II. The joy of free, unfettered obedience and service.—Sin has no more dominion over those who are Christ’s. Its bondage has been broken, and there is no longer the galling and vain attempt in their lives to keep the commandments as a means to gain the divine favour, but the willing obedience of sons of the heavenly Father, who, following their divine pattern, find it indeed to be their meat to do that Father’s will and finish His work; so that neither trial nor difficulty in the doing of it will detract from their joy. Like St. Paul, they can each say, “Yea, if I be offered (poured out) upon the sacrifice and service of your faith, I joy and rejoice with you all” (Philippians 2:17).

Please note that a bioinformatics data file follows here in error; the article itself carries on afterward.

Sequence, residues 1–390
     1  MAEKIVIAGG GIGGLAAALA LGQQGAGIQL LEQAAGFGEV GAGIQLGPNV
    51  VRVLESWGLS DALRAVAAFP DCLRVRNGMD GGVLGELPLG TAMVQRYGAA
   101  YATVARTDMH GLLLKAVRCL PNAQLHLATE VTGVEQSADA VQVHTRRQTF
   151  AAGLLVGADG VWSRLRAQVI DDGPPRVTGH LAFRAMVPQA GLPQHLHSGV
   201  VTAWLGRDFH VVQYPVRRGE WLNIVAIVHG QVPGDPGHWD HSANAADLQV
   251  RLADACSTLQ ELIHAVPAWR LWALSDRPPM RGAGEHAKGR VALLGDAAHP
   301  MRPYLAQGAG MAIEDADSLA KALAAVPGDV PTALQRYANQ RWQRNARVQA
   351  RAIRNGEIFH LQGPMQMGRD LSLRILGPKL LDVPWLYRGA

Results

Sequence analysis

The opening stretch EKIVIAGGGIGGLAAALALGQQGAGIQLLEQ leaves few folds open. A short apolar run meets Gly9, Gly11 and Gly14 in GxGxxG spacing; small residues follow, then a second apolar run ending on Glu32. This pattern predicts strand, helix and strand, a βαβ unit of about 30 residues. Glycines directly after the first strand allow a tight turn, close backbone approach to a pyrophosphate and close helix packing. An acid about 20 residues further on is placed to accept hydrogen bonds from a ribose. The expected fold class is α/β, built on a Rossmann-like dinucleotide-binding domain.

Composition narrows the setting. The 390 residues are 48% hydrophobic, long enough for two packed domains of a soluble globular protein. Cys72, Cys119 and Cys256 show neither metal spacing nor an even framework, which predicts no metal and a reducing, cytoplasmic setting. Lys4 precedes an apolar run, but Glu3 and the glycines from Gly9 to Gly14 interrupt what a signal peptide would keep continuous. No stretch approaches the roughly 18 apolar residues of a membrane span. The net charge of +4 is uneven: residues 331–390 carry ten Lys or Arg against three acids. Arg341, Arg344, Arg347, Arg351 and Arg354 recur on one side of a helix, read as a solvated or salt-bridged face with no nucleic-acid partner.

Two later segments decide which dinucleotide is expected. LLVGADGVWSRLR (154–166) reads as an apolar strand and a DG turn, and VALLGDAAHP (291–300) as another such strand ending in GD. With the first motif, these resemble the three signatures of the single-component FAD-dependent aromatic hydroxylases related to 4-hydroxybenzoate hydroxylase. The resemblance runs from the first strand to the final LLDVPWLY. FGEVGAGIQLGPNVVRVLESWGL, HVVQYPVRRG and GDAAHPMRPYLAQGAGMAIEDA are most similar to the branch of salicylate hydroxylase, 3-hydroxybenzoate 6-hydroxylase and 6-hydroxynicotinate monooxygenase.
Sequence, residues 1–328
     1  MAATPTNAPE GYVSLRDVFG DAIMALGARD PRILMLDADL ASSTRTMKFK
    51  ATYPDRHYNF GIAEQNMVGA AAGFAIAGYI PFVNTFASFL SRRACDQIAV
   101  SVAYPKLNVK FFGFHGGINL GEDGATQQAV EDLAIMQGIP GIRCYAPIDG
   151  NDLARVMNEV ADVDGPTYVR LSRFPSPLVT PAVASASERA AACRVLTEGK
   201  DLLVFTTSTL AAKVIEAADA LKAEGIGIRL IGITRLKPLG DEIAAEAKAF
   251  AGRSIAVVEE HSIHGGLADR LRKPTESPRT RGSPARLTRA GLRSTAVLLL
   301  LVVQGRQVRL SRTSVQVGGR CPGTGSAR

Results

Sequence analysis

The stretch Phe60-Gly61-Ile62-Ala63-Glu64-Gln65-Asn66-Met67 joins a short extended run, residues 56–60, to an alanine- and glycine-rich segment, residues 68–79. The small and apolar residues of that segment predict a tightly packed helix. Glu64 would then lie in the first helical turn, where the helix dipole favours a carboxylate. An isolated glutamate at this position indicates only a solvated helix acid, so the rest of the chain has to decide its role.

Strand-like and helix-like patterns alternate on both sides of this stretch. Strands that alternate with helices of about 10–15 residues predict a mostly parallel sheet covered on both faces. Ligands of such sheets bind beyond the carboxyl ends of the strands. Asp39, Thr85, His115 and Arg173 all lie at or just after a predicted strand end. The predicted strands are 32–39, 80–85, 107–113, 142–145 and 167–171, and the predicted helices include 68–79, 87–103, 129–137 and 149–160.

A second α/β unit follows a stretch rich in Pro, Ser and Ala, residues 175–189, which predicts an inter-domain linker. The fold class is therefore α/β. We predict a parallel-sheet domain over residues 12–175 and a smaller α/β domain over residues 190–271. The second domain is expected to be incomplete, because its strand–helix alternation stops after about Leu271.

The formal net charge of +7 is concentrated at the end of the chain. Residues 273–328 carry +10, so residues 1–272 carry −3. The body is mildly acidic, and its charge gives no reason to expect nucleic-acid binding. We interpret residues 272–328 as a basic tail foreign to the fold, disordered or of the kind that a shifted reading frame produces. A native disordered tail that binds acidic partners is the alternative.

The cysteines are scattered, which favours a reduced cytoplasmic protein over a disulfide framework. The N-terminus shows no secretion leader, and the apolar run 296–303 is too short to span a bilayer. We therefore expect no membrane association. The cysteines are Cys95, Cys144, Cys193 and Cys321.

III. The joy of assured hope.—What are the hopes of men to whom no revelation of divine love and grace hath come? Even to the best and noblest of the past, who amid the darkness have struggled toward the light, hope was but a dim and feeble ray, uncertain oft and oft extinguished; whilst the logical result of modern materialistic systems is the entire obliteration of hope for man beyond the brief and limited spheres of earth and time. All the comfort materialism can give us is “to meet with brave hearts” (Huxley) the awful unknown. But in following the Redeemer we are “begotten again to a living hope through the resurrection of Jesus Christ from the dead, to an inheritance … that fadeth not away” (1 Peter 1:3-4). The present and future here blessed by His presence are radiant with hope, and from the eternal glory it scintillates and glows on the path of the believer here. A life without hope is a life of perpetual captivity. A life with hope is like the life of noble, generous youth, pressing eagerly forward into the future. And in following the Redeemer we lay hold of this element of perennial strength and vigour, a mark and characteristic of true pilgrims Zionward:—